More informationPHOTON mapping is a practical approach for computing global illumination within complex
7 The Photon Mapping Method I get by with a little help from my friends. John Lennon, 1940 1980 PHOTON mapping is a practical approach for computing global illumination within complex environments. Much
More informationThe Close Objects Buffer: A Sharp Shadow Detection Technique for Radiosity Methods
The Close Objects Buffer: A Sharp Shadow Detection Technique for Radiosity Methods A.C. Telea, C.W.A.M. van Overveld Department of Mathematics and Computing Science Eindhoven University of Technology P.O.
More informationA Short Introduction to Computer Graphics
A Short Introduction to Computer Graphics Frédo Durand MIT Laboratory for Computer Science 1 Introduction Chapter I: Basics Although computer graphics is a vast field that encompasses almost any graphical
More informationCourse Overview. CSCI 480 Computer Graphics Lecture 1. Administrative Issues Modeling Animation Rendering OpenGL Programming [Angel Ch.
CSCI 480 Computer Graphics Lecture 1 Course Overview January 14, 2013 Jernej Barbic University of Southern California http://wwwbcf.usc.edu/~jbarbic/cs480s13/ Administrative Issues Modeling Animation
More informationAn Extremely Inexpensive Multisampling Scheme
An Extremely Inexpensive Multisampling Scheme Tomas AkenineMöller Ericsson Mobile Platforms AB Chalmers University of Technology Technical Report No. 0314 Note that this technical report will be extended
More informationREALTIME IMAGE BASED LIGHTING FOR OUTDOOR AUGMENTED REALITY UNDER DYNAMICALLY CHANGING ILLUMINATION CONDITIONS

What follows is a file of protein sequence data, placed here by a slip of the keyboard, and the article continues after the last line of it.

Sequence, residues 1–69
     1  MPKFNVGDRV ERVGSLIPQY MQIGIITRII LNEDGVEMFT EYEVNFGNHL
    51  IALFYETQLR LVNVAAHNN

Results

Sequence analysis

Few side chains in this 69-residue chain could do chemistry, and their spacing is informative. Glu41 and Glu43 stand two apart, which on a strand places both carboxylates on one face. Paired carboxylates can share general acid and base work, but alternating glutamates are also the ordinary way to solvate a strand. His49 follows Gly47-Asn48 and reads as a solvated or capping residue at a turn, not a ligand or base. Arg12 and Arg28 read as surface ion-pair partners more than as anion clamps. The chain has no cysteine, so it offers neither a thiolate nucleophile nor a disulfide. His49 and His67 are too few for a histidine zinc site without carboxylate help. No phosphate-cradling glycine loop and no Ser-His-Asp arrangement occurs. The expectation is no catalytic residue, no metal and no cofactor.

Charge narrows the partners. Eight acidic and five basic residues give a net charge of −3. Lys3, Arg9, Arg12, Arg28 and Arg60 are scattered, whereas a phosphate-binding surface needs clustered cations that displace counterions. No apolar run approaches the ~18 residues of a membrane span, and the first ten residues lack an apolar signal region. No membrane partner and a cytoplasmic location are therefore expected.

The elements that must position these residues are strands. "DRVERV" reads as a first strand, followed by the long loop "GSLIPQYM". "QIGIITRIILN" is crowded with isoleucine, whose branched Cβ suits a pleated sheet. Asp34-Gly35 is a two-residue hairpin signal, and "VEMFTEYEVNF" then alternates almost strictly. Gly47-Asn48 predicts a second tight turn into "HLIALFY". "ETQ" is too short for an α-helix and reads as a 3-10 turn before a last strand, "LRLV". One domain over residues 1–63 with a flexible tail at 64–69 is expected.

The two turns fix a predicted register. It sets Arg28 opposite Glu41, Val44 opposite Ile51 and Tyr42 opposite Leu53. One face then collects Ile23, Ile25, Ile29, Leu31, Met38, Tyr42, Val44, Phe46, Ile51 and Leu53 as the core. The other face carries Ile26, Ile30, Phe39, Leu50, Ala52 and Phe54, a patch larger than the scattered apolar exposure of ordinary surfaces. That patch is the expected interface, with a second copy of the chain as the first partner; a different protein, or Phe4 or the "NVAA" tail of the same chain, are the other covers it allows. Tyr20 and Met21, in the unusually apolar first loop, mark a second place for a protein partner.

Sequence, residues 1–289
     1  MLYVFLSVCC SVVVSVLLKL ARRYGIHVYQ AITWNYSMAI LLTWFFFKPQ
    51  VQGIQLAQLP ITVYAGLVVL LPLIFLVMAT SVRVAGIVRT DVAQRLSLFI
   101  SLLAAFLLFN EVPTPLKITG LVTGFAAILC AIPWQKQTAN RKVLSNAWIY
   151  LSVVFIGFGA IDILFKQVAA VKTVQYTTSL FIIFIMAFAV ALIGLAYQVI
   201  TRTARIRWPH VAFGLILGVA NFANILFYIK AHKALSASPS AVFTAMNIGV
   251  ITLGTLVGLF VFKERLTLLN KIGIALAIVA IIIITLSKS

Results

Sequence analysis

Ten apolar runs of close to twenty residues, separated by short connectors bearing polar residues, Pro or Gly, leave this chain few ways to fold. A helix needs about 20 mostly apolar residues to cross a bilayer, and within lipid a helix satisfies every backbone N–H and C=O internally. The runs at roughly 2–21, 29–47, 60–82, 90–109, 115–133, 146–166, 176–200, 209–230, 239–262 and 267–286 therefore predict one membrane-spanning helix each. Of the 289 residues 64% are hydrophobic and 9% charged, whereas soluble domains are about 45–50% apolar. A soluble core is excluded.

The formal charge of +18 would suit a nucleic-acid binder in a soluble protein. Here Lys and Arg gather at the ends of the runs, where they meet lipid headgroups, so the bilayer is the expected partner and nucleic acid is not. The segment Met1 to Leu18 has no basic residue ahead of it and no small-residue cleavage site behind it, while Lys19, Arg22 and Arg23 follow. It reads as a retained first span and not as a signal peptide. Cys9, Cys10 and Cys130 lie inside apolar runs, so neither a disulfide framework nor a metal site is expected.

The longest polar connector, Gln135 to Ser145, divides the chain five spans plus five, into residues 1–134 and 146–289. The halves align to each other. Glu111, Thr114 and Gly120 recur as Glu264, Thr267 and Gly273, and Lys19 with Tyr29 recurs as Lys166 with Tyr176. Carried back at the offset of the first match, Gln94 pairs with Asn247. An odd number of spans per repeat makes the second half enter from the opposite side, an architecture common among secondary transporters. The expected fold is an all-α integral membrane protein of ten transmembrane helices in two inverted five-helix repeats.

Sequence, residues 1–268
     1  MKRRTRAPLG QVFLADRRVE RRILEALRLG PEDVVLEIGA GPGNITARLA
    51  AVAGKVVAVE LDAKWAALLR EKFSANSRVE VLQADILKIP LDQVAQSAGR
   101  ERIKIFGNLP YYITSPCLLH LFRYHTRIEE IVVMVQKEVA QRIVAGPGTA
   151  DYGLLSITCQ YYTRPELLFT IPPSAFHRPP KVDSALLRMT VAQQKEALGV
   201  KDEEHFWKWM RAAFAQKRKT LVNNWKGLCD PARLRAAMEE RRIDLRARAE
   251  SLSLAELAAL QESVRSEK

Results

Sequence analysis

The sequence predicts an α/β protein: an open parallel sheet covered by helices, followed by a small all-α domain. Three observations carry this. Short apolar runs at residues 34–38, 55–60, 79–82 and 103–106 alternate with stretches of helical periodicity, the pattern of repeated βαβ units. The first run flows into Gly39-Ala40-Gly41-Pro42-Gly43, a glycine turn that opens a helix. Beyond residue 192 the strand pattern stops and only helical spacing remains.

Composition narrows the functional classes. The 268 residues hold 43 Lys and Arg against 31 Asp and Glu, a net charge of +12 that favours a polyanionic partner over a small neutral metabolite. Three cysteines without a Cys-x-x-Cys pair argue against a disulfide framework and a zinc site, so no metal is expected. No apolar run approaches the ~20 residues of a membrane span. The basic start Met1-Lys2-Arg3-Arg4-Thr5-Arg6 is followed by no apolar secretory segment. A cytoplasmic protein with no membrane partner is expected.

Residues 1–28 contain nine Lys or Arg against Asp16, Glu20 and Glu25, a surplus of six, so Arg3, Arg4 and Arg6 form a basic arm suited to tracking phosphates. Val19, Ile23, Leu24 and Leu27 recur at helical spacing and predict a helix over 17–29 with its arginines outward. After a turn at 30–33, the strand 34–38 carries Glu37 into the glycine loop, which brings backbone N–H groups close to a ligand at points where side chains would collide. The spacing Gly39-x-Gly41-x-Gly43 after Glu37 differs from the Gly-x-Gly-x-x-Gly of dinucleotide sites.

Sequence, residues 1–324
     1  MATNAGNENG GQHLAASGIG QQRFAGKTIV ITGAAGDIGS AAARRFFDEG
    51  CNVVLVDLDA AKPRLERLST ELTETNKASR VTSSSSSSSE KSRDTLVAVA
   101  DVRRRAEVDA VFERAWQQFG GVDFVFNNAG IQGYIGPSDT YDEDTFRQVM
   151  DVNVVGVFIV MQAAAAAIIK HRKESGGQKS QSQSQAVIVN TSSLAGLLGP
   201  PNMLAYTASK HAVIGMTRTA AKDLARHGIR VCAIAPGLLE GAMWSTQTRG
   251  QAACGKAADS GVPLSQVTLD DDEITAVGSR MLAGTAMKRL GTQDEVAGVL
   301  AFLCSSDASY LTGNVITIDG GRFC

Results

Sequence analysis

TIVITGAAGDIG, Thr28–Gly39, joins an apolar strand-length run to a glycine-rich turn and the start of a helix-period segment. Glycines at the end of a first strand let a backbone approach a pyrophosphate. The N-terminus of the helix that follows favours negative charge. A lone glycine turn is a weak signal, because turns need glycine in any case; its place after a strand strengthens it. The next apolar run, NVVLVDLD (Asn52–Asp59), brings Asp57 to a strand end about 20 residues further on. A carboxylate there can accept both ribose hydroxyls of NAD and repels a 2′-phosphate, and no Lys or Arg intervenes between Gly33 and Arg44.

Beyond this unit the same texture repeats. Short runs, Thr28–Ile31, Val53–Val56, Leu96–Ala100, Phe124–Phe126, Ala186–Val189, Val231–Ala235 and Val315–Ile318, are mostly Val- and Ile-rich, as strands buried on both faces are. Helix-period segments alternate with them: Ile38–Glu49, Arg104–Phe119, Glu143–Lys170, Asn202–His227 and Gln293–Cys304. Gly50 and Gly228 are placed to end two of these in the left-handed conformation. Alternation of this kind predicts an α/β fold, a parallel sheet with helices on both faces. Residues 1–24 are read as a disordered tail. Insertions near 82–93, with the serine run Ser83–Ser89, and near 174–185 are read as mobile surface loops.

REALTIME IMAGE BASED LIGHTING FOR OUTDOOR AUGMENTED REALITY UNDER DYNAMICALLY CHANGING ILLUMINATION CONDITIONS Tommy Jensen, Mikkel S. Andersen, Claus B. Madsen Laboratory for Computer Vision and Media
More informationChapter 10. Bidirectional Path Tracing
Chapter 10 Bidirectional Path Tracing In this chapter, we describe a new light transport algorithm called bidirectional path tracing. This algorithm is a direct combination of the ideas in the last two
More informationpath tracing computer graphics path tracing 2009 fabio pellacini 1
path tracing computer graphics path tracing 2009 fabio pellacini 1 path tracing Monte Carlo algorithm for solving the rendering equation computer graphics path tracing 2009 fabio pellacini 2 solving rendering
More informationComputer Animation: Art, Science and Criticism
Computer Animation: Art, Science and Criticism Tom Ellman Harry Roseman Lecture 12 Ambient Light Emits two types of light: Directional light, coming from a single point Contributes to diffuse shading.
More informationIntroduction to Computer Graphics
Introduction to Computer Graphics Torsten Möller TASC 8021 7787822215 torsten@sfu.ca www.cs.sfu.ca/~torsten Today What is computer graphics? Contents of this course Syllabus Overview of course topics
More informationINTRODUCTION TO RENDERING TECHNIQUES
INTRODUCTION TO RENDERING TECHNIQUES 22 Mar. 212 Yanir Kleiman What is 3D Graphics? Why 3D? Draw one frame at a time Model only once X 24 frames per second Color / texture only once 15, frames for a feature
More informationSo, you want to make a photorealistic rendering of the Earth from orbit, eh? And you want it to look just like what astronauts see from the shuttle
So, you want to make a photorealistic rendering of the Earth from orbit, eh? And you want it to look just like what astronauts see from the shuttle or ISS (International Space Station). No problem. Just
More informationRendering Microgeometry with Volumetric Precomputed Radiance Transfer
Rendering Microgeometry with Volumetric Precomputed Radiance Transfer John Kloetzli February 14, 2006 Although computer graphics hardware has made tremendous advances over the last few years, there are